Mapping the Safety Net

Wednesday, February 15, 2012

New York Times reporter Binyamin Appelbaum talks about his examination of where federal benefits are going that shows more use by the middle class and "red states."

Check out the article and interactive map.

Comments [22]

Jonathan Dowell

Like Jennifer (comment posted on 2/15/12 at 7:29 AM), I was dismayed at Mr. Appelbaum's choice of language. My grandfather, who worked as an industrial chemist for many years, said that the worst thing to happen to America was the Ph.D. I am extending his comment to include anyone who is very smart (as Mr. Applebaum clearly is), and yet manages to purvey information that is as useless as it is wrong. I am a big fan of the Brian Lehrer show, but there is a tendency, unfortunately, to invite these know-it-all nincompoops on the show. For the record, my half-brother is a retired foreign correspondent. So, I am not a person who hates or distrusts journalists (a la Sarah Palin and her ilk). I just think that journalists need to be as careful about interpreting the information they gather as they are about gathering it in the first place. Appelbaum is just too sure of himself for his own (or our) good.

Feb. 15 2012 12:22 PM

Even the so-called Freelancer's Union's, for-profit (THAT'S RIGHT - 4PROFIT!) "insurance™) is unaffordable and ultimately USELESS!!!


Feb. 15 2012 11:28 AM
Robert from NYC

Well then I hope that congressman does take away his benefits! What a jerk. How stupid can some folks be.

Feb. 15 2012 11:27 AM
cmk from Westchester

Let's talk about who provides these benefits. It's not "the government". It's all of us who are paying. Now we can argue that it's the right thing to do. But it's your neighbors who are paying for you. And that "earned" income tax credit just burns me up. It's just wealth redistribution. Government aid? Taking from your neighbor...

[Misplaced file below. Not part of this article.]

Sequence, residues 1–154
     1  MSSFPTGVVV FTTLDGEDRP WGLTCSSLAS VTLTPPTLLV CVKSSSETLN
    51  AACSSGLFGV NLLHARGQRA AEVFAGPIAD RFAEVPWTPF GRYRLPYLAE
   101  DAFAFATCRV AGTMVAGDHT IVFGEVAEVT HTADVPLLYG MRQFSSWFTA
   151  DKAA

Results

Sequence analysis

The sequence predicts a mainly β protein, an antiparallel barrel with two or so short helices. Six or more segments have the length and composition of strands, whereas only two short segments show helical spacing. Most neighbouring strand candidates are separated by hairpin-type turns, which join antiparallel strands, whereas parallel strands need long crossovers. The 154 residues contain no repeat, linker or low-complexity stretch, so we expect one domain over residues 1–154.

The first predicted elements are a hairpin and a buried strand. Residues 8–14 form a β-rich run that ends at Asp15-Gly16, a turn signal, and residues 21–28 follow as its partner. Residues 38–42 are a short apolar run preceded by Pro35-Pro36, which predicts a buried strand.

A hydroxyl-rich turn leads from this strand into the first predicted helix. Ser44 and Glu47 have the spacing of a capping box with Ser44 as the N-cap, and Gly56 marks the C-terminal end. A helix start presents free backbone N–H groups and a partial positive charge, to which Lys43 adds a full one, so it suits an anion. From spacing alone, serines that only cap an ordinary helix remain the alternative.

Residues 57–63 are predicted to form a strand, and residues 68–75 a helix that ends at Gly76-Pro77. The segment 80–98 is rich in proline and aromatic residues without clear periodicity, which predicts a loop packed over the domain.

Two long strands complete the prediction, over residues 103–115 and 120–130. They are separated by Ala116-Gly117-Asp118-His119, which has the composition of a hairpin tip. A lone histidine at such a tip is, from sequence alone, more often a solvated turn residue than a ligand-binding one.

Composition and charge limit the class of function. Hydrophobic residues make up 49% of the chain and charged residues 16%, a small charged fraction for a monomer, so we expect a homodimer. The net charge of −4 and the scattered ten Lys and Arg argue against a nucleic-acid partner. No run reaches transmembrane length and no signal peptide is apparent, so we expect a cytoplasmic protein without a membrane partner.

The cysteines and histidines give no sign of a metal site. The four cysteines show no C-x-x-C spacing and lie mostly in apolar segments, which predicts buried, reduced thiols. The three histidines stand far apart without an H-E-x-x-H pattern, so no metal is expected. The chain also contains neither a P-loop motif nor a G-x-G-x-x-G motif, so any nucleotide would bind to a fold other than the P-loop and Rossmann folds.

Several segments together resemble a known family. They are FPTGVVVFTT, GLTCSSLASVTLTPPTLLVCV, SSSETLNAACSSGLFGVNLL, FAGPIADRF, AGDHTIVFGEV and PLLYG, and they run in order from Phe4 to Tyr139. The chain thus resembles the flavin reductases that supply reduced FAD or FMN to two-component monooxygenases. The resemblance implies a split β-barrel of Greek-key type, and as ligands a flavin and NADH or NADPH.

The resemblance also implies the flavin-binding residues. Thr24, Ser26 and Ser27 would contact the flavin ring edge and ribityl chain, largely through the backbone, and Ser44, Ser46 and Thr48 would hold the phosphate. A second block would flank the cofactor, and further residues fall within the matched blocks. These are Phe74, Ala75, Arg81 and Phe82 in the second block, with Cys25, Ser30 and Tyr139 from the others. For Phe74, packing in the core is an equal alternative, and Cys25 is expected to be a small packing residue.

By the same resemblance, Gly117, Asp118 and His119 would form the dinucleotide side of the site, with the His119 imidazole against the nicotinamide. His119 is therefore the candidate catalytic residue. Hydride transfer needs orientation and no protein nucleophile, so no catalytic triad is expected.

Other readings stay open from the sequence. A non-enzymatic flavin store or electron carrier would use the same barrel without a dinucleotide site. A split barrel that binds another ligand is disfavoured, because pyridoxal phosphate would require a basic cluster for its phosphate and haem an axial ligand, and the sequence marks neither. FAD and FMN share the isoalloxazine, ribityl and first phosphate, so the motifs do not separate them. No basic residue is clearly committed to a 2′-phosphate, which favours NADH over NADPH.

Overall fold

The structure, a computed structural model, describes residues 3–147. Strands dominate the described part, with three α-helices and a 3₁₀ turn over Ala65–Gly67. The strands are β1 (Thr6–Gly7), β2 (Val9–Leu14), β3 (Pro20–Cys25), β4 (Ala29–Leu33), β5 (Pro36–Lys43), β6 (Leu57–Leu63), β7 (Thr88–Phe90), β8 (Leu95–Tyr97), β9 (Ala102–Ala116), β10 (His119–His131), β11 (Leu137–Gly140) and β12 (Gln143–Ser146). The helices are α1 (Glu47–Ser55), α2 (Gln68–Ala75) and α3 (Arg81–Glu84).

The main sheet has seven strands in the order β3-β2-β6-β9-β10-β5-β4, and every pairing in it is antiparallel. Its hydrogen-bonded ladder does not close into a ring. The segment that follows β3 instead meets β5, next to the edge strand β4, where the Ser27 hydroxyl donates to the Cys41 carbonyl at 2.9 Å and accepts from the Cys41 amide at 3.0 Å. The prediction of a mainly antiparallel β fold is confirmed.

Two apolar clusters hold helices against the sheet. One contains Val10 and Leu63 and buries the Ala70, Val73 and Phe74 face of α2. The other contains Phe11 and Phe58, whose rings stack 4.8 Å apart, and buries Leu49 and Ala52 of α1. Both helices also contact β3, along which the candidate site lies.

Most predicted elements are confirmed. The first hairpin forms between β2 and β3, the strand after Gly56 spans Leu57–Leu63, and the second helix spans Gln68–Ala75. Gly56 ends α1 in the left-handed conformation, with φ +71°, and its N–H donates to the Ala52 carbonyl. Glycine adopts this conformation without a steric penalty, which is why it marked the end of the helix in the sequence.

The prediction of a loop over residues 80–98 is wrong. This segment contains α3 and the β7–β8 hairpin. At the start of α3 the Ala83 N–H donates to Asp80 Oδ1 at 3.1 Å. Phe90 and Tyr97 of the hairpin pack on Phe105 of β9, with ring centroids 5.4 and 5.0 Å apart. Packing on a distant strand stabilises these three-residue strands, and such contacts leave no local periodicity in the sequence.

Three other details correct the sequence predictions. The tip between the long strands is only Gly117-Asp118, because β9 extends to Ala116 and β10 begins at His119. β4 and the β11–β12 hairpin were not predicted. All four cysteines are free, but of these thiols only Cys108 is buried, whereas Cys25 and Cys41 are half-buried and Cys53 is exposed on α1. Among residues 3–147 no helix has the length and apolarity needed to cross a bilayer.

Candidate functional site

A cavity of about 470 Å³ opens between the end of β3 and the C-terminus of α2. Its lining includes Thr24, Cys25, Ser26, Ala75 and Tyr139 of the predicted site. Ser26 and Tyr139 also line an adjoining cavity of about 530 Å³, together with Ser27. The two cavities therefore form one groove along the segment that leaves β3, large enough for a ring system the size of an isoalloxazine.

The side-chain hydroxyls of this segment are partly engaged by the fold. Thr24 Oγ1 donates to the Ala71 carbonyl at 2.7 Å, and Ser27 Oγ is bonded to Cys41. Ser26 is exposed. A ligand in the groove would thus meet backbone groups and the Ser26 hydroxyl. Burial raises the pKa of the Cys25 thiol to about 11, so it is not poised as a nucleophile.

Feb. 15 2012 11:24 AM


We are college educated - advanced degrees. Professionals also teaching as adjunct professors at Columbia and MIT graduate departments.

Universities only hire adjunct, these days.

Feb. 15 2012 11:24 AM

why dont you do a show on the REAL COST ($$ US DOLLARS of Health Care!
the montly/yearly costs r extremly high!!
i cant afford it! real choices have to be made between health care vs.... (fill in the blank)
Why r HEALTH CARE costs so HIGH??

Feb. 15 2012 11:23 AM
Tray from Brooklyn

Taking benefits when one is capable is an affront to those who truly, desperately need them. The mean, middle class standard is too high. Too many recipients of unemployment benefits have smart phones.

Feb. 15 2012 11:23 AM

A reporter that doesn't know that the benefits go to the new "former middle-class" who haven't had a wage increase in years, lost one or more jobs in the family, etc.

The NYT has another candidate for the Judith Miller mis-information prize.

Feb. 15 2012 11:22 AM
Valerie Seckler from Manhattan, N.Y.

For more than a year, ending recenlty, I received a federal government benefit that vastly reduced the cost of my health care insurance, following a layoff from my longtime job as a journalist. My COBRA health insurance coverage was slashed by roughly 66%, or several hundred dollars per month.

I am thankful for President Obama's leadership in passage of legislation securing this unemployment benefit and for notification by Wage Works Inc. that I was eligible to receive it. I do not believe my middle-class status should have disqualified me for this health care benefit, following a layoff.

Feb. 15 2012 11:21 AM

Can you explain the qualifications for food stamps?

Feb. 15 2012 11:20 AM
John from Fanwood

My dad needed nursing home care last March, and we were told he might qualify for Medicaid. The fee at the facility was $13,300 per month, and I was sure we couldn’t afford that. I went through my parents records and was shocked to find out they had more than $250K in savings. They were living on small pensions and Social Security. The nursing home advised us to consult an elder law attorney. We got a good attorney who set up a promissory note. I borrowed most of my parent’s money with a complicated pay-back schedule. There’s no look back on promissory notes. Unfortunately my Dad died three days after we filed the Medicaid application.

Feb. 15 2012 11:20 AM
Robert from NYC

Gee, I'm biting my tongue here but I can't any longer. That gentleman who is a 9?11 survivor just really has it wrong. I just don't see how he can say the Rs are the folks who got him the support in the programs he's in. I don't see it.

Feb. 15 2012 11:19 AM

Healthcare is our primary expense and primary concern.

We have one adult not insured and still pay more for "insurance" than we do for RENT!!